- Typical Krugman Screed Disguised as Economic "Analysis"
Amazing how this author has created a mini-industry (with himself as the primary product) screaming and shouting about the depredations of the capitalist system that has so richly rewarded him. With books like this, his column in the soon-to-be-defunct Amazing how this author has created a mini-industry (with himself as the primary product) screaming and shouting about the depredations of the capitalist system that has so richly rewarded him. With books like this, his column in the soon-to-be-defunct New York Times, this charlatan is using the recession as a kind of Trojan horse to advance his crackpot semi-socialist economic, big-government, post-Keynesian, hyper-spending ideas. If it weren't so dangerous, this nonsense would be quite laughable! New York Times, this charlatan is using the recession as a kind of Trojan horse to advance his crackpot semi-socialist economic, big-government,post-Keynesian, hyper-spending ideas. If it weren't so dangerous, this nonsense would be quite laughable! ...more info
- A history of financial/economic crises, with comments on "Depression Economics" would be a better title
This is a revision of an older book of Krugman's and gives excellent (readable and concise, without much technical jargon) explanations (what is understood about) the various crises of the last century. You don't have to have a business degree to follow the stories here and they range from the Great Depression through the South American debt crises, the Southeast Asia crises, the Russian debt crisis and how George Soros saw opportunities and made billions. All this in 191 pages.
You DON'T have to be a liberal to enjoy this book. Krugman doesn't pretend to know all the causes of all these historical events and honestly states, as to several, the aspects that are still not fully understood about them. How many writers are honest enough to do that, instead of pretending to have "THE ANSWER" to suit their ideological beliefs.
Buy this and read it - whatever your political bent you will find this book very interesting. ...more info
- Insightful but too brief
I never read the first edition of this book, which was released about ten years ago, but I found the discussion of the Asian economic crisis - which that book addressed - to be highly informative and enlightening. It probably should have been a bit longer and more thorough, but overall Krugman did an excellent job of explaining very complex economic issues in terms I as a layperson could understand.
The most recent component to the book - which addresses our current economic crisis - was also highly enlightening and informative and went well beyond the shallow analysis one typically finds about this subject on tv or in written form. In fact, I didn't realize just how awful the media's coverage of the crisis has been until reading this book and really getting to the bottom of things. However, in this case it seemed like Krugman really rushed the book to get it published as quickly as possible. I found myself with a number of lingering questions after finishing the book, and since I'm not an economist, I'm not in a position to answer them myself. I also fell like he neglected to fully explain and explore the factors that lead people - even experts - to disagree about the causes and necessary solutions to our current crisis. He does briefly address supply-side economics, but other than brushing it aside as a discredited philosophy he really doesn't talk about it or other economic theories and how they play out today. Finally, the solutions he offers, while interesting and compelling, are addressed so quickly that it almost seems like Krugman cranked out that final part of the book in a few hours. Again, it would have been nice if he had gone into further detail about his proposals, talk about alternatives, and just basically give the entire subject more thorough treatment.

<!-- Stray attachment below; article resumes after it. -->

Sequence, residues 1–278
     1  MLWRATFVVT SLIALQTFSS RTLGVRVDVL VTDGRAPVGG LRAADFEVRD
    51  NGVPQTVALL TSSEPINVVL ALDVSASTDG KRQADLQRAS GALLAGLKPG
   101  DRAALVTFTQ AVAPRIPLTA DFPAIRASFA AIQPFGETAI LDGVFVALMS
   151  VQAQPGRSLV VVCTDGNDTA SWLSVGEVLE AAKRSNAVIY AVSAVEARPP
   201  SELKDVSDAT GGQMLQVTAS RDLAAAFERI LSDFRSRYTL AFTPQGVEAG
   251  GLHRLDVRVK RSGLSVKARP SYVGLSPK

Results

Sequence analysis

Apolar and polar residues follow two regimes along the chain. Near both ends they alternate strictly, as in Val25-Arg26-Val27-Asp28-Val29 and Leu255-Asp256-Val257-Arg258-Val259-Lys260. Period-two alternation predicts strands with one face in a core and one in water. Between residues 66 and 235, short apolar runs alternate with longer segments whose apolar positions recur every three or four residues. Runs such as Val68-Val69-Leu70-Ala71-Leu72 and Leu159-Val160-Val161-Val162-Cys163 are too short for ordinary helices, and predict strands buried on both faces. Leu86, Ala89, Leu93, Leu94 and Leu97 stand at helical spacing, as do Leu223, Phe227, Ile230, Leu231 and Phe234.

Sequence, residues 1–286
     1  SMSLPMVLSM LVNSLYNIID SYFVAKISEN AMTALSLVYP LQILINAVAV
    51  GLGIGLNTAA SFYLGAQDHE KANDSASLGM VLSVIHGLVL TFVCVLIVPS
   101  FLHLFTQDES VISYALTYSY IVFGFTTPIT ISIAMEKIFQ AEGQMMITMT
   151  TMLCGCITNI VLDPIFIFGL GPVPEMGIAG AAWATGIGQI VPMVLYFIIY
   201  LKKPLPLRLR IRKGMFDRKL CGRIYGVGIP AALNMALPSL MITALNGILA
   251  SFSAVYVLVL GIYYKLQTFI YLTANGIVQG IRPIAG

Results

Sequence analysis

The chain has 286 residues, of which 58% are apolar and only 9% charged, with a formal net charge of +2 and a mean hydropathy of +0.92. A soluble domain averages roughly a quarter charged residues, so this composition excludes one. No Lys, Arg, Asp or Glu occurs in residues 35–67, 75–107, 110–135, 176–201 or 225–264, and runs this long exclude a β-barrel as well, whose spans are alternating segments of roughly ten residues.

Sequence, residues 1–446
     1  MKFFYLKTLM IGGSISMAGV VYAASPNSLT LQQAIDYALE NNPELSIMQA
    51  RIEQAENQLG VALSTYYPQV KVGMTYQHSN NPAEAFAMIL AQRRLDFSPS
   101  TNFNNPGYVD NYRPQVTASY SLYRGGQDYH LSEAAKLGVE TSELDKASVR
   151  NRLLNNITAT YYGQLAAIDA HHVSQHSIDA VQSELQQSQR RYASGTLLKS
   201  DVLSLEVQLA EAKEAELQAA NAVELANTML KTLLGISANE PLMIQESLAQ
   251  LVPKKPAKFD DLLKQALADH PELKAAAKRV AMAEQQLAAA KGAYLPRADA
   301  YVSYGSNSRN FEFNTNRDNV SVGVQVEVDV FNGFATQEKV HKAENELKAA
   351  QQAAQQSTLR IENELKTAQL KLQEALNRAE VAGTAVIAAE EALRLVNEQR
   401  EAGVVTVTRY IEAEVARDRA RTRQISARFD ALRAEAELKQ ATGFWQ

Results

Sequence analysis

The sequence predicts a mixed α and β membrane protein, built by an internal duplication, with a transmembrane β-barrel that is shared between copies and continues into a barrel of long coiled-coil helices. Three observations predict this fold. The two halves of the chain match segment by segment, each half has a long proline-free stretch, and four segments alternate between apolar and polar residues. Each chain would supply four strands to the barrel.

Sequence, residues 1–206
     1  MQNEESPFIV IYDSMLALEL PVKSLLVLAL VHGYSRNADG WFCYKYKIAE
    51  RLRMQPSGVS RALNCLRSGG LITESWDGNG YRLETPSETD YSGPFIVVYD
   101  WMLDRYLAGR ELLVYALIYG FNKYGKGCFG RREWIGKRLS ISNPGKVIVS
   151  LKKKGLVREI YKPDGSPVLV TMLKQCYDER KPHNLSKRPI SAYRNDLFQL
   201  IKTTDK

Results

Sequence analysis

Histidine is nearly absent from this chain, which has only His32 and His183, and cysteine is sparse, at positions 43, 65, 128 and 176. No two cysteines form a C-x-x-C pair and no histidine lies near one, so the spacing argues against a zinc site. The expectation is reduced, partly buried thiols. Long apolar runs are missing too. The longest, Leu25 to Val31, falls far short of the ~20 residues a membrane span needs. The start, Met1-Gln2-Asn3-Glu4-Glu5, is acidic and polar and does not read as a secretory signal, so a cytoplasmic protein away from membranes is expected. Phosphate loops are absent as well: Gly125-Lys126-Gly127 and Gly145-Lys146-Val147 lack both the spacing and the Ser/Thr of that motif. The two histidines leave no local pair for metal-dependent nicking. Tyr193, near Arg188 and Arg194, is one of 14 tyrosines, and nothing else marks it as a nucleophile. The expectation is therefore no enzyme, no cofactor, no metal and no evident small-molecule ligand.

All that being said, this book is pretty easy to read despite its complex topic, and the fact that I got through the whole thing in just a few hours made it well worth my time. I definitely feel more informed and educated about the issues of our day, even though I'm sure I will have to continue seeking out additional sources of information before I truly feel like I understand everything....more info
- Free traders and other market anarchists have nothing on Paul krugman
Krugman doesn't shy away from the prevailing winds of popularized factoid politics and the mainstream misinformation that passes for economic comment these days. He plots a course of actual logic and down to earth facts that political economics are incapable of adhering to.
Every read is a leg up in understanding of whats really happening in today's markets, and from where we have arrived....more info
- Quick and Complete Read on Crisis
Although Mr. Krugman paints some very broad strokes, he explains our current financial crisis in an amazingly clear and concise manner, especially for an economist. I disagree with some other reviews that felt his analogy of the babysitting co-op was a poor illustration of the complex financial markets of the 1990's and today. I appreciate his attempt to paint the public a picture of the dynamic currency and financial markets in the information age, rather than cater his message to members of academia.
The chapter that I especially enjoyed reading was his commentary and analysis of the "shadow banking system". It, as much or more than anything else, contributed to the financial instability that we're seeing now and Mr. Krugman offers an explanation of why the Fed's traditional tools aren't having the affect they had in the past.